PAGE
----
Note: This article, originally published in 1998, was updated in 2006 for the eBook edition.
Krypton was one of three noble gases discovered in 1898 by Scottish chemist and physicist Sir William Ramsay (1852-1916) and English chemist Morris William Travers (1872-1961). Ramsay and Travers discovered the gases by allowing liquid air to evaporate. As it did so, each of the gases that make up normal air boiled off, one at a time. Three of those gases—krypton, xenon, and neon, were discovered for the first time this way.
The term noble gas refers to elements in Group 18 (VIIIA) of the periodic table. The periodic table is a chart that shows how chemical elements are related to each other. These gases have been given the name "noble" because they act as if they are "too arrogant" to react with other elements. Until the 1960s, no compound of these gases was known. Since they are so inactive, they are also called the inert gases. Inert means inactive.
Group 18 (VIIIA)
Krypton has relatively few commercial uses. All of them involve lighting systems in one way or another.
Discovery and naming
By 1898, two members of the noble gas family had been discovered. They were helium (atomic number 2) and argon (atomic number 18). But no other elements in the family had been found. The periodic table contained empty boxes between helium and argon and below argon. The missing noble gases had atomic numbers 10, 36, 54, and 86. Chemists think of empty boxes in the periodic table as "elements waiting to be discovered."
Since the two known noble elements, helium and argon, are both gases, Ramsay and Travers hoped the missing elements were also gases. And if they were, they might be found in air. The problem was that air had already been carefully analyzed and found to be about 99.95 percent oxygen , nitrogen , and argon. Was it possible that the missing gases were in the last 0.05 percent of air?
To answer the question, the chemists worked not with air itself, but with liquid air. Air becomes liquid simply by cooling it far enough. The colder air becomes, the more gases within it turn into liquids. At -182.96°C (-297.33°F), oxygen changes from a gas into a liquid. At -195.79°C (-320.42°F), nitrogen changes from a gas into a liquid. And so on. Eventually, all the gases in air can be made to liquefy (change into a liquid).
But the reverse process also takes place. Suppose a container of liquid air holds 100 liters. The liquid air will warm up slowly. When its temperature reaches -195.79°C, liquid nitrogen changes back to a gas. Since about 78 percent of air is nitrogen, only 22 percent of the original liquid air (22 liters) will be left.
When the temperature reaches -182.96°C, oxygen changes from a liquid back to a gas. Since oxygen makes up 21 percent of air, another 21 percent (21 liters) of the liquid air will evaporate.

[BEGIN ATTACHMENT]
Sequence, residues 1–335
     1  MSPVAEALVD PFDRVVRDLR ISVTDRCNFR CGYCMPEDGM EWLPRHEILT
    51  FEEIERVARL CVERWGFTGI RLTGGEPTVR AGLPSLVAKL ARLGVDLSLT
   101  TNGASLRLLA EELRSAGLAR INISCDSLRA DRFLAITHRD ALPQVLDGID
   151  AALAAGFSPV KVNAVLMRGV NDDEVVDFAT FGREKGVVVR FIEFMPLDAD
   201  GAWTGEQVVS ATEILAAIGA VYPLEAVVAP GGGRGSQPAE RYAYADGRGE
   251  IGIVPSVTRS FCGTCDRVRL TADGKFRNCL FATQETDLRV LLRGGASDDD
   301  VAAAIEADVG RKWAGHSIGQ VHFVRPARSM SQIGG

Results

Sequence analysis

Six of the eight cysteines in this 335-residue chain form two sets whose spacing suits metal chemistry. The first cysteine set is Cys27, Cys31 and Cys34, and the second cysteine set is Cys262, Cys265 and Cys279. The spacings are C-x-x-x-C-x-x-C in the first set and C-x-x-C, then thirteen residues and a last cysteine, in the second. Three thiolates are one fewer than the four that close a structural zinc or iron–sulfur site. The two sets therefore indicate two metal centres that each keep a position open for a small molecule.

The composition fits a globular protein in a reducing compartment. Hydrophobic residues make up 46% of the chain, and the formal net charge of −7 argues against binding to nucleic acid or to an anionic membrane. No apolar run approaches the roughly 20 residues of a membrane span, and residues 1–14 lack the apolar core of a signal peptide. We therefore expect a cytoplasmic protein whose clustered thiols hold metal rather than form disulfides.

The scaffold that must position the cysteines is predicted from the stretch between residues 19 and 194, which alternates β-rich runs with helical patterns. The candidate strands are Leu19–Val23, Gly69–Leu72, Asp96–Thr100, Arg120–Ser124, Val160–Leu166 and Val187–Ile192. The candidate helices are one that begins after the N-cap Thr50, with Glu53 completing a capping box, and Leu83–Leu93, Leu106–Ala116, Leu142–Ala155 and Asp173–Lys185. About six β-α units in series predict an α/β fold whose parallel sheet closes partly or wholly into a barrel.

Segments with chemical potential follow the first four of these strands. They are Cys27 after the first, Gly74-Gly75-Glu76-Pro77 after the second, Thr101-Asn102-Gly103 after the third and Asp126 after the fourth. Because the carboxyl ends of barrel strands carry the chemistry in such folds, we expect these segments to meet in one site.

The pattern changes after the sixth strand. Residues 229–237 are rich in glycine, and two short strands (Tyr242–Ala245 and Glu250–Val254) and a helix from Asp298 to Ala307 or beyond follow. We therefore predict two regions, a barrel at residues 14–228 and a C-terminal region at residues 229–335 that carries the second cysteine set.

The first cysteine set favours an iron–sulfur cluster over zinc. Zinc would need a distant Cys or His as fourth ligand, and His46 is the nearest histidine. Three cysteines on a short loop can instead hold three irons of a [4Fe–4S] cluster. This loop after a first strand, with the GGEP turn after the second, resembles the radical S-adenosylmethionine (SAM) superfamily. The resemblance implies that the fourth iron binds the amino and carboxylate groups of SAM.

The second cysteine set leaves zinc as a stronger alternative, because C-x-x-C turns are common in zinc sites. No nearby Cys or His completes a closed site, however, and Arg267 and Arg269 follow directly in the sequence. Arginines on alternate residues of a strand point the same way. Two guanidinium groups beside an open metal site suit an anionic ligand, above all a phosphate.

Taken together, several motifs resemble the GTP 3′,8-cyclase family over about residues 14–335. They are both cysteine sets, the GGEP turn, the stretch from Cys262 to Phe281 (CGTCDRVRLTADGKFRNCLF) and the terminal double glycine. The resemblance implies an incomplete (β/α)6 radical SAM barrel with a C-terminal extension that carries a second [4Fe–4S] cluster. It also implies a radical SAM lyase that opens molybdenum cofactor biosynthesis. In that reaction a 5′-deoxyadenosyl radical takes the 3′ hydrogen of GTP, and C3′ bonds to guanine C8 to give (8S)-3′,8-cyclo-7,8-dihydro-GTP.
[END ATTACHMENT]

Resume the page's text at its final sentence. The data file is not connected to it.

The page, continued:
The work of Ramsay and Travers was very difficult, however, because the gases they were looking for are not abundant in air. Krypton, for example, makes up only about 0.000114 percent of air. For every 100 liters of liquid air, there would be only 0.00011, or about one-tenth of a milliliter of krypton. A tenth of a milliliter is about a drop. So Ramsay and Travers—although they didn't know it—were looking for one drop of krypton in 100 liters of liquid air!
Amazingly, they found it. The discovery of these three gases was a great credit to their skills as researchers. They suggested the name krypton for the new element. The name was taken from the Greek word kryptos for "hidden."
Krypton is a colorless, odorless gas. It has a boiling point of -152.9°C (-243.2°F) and a density of 3.64 grams per liter. That makes krypton about 2.8 times as dense as air.
"Look, up in the sky! It's a bird! It's a plane....
T he famous cartoon character Superman has many super powers. Everybody knows that. He's the Man of Steel. He has X-ray vision. His hearing is so good, he can tune in on one voice in a crowded city. And, of course: He's faster than a speeding bullet! More powerful than a locomotive! Able to leap tall buildings in a single bound!
But there's one substance that weakens Superman: kryptonite! If exposed to kryptonite. Superman experiences pain and loses his super powers. If exposed for too long, he can even die.
Kryptonite, of course, is purely fictional. Despite the similarity in names, kryptonite has nothing to do with element 36, krypton. According to cartoon legend, Superman came from the planet Krypton.
Kal-El, as he was originally known, was placed in a spaceship by his parents, moments before the planet exploded.
Unfortunately, as the young Superman blasted away from Krypton, a piece of kryptonite got stuck on the spaceship. The same terrible forces that caused the planet to explode, also had created the deadly kryptonite. And, as Superman would later find out, arch-villains always seem to get their hands on this green glowing rock!
Aside from the fictitious nature of kryptonite, there is another difference between it and krypton. Kryptonite is a rock—one that can cause great harm to, well, one person anyway. Krypton is an inert gas that has no effect on anything.